Genealogist thrive on recording births, marriages and deaths, but when you have to record the deaths of those who you enjoyed sharing your hobby with there is a sense of loss. It's different then when when a close family member passes. It's often a loss that you don't learn about in time to attend the funeral. It may be weeks or month before you learn they are gone. It's a different loss, not as crashing as a family member, but it's still a deep loss. It's a loss of someone who understands the excitement you feel when you break through a brick wall. Often it's someone who is a distant relative working on the same lines your are. You may only see or talk to them a couple time a year, but the excitement is great because you know the work that has gone into each others research.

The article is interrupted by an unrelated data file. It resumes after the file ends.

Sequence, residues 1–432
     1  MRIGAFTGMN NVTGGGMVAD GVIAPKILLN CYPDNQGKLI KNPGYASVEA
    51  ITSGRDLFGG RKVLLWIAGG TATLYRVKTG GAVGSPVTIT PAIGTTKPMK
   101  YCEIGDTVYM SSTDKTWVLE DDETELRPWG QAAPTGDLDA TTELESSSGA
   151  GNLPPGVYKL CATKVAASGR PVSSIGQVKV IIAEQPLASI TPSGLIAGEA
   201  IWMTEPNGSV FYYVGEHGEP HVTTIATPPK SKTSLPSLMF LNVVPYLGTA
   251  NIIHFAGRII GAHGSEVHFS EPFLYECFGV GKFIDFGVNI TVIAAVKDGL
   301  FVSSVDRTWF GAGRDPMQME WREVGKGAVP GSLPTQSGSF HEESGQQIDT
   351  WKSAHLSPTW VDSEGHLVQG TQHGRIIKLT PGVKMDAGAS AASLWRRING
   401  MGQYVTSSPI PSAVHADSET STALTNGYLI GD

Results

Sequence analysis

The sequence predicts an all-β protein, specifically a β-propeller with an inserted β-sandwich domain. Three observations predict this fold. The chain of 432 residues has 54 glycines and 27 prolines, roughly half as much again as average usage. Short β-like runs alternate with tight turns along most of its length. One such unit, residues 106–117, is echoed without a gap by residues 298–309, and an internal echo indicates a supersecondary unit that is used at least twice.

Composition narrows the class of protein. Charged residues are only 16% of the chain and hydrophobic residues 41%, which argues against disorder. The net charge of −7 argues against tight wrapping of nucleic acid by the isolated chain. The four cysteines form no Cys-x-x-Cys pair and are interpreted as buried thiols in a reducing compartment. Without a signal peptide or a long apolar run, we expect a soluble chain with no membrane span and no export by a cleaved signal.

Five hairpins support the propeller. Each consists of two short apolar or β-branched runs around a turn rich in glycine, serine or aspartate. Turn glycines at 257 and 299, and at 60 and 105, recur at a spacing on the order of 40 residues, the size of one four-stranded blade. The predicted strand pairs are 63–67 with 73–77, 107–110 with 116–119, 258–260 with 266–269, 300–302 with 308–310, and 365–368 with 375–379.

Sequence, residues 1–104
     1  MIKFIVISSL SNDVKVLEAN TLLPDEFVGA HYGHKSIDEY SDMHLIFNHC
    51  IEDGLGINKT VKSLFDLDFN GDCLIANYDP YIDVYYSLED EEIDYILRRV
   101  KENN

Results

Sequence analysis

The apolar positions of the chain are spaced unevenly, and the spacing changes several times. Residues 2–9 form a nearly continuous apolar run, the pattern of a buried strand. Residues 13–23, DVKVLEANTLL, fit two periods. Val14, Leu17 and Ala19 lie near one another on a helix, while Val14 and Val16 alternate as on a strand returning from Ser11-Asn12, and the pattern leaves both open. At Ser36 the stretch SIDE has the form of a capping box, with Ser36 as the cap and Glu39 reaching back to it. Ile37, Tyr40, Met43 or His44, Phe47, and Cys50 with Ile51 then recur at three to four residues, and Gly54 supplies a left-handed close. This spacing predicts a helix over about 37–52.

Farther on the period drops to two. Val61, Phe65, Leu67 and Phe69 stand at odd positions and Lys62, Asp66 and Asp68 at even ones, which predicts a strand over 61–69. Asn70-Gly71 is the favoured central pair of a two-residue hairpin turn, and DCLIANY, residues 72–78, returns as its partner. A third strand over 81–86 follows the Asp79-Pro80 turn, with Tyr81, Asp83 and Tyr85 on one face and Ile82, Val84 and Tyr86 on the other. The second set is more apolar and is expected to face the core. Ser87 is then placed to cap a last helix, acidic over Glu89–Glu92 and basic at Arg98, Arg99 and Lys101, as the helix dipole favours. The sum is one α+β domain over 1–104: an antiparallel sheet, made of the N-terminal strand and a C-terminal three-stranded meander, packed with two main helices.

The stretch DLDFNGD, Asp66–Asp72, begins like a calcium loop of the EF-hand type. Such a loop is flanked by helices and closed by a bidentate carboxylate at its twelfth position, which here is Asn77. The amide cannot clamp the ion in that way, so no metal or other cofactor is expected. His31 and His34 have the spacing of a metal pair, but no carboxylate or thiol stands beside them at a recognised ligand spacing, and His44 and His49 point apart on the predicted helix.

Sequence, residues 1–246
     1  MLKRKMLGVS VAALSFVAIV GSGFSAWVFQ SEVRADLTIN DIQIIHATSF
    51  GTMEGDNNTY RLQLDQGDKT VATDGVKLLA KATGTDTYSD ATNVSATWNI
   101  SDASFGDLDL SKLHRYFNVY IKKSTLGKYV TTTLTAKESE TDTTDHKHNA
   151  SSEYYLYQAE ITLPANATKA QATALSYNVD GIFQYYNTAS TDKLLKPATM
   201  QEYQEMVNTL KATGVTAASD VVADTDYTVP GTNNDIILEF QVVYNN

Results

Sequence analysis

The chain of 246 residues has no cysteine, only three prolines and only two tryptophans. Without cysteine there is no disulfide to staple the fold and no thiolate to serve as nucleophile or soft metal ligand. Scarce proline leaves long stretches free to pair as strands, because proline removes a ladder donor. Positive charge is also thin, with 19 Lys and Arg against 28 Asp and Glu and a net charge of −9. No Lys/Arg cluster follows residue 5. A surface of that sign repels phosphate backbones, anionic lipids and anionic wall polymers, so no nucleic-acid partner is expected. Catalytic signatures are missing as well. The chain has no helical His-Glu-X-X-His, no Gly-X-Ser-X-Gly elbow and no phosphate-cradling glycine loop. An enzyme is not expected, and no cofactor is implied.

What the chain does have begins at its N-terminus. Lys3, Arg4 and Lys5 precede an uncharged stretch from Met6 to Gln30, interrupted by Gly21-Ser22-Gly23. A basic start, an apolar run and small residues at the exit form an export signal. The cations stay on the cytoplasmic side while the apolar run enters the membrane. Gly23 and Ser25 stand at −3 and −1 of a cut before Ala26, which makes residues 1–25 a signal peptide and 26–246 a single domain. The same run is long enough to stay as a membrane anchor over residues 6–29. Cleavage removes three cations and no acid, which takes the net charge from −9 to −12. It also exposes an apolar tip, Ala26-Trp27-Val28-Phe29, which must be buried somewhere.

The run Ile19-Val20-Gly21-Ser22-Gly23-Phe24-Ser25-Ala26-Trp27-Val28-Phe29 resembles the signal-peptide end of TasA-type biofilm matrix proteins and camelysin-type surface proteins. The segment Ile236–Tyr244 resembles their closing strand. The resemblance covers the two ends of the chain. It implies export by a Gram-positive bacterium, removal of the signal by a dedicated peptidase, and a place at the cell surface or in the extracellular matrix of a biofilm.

Today I learn that a dear friend died. He died in September, he was a distant relative of my husband's who made me feel great. He was older then my parents, I didn't know him well. We shared a love of family history. We met him through another distant relative that I looked up on the internet. I felt that he really enjoyed our visits. We talked about family and ourselves. Jim was a very successful man, I'm not sure we would have had anything in common if not for a family connection. He would call or drop a letter out of the blue. We would drop in and visit if we were in the area. Our last visit was sad, he had no clue who we were. I wanted to go to his services, but they are long past. We had ask his daughter to let us know if he got bad, but we were no one to her. I understand how we would never have entered her thoughts during her time of pain. I will send a very late card of condolence. Mostly I miss not having an interesting friend to drop in on. I will miss received obituaries of people I have never met from Jim so my records are up to date. Rest in peace James Waite, I hope you realize the impact you made on our lives even though the time we spent together was short.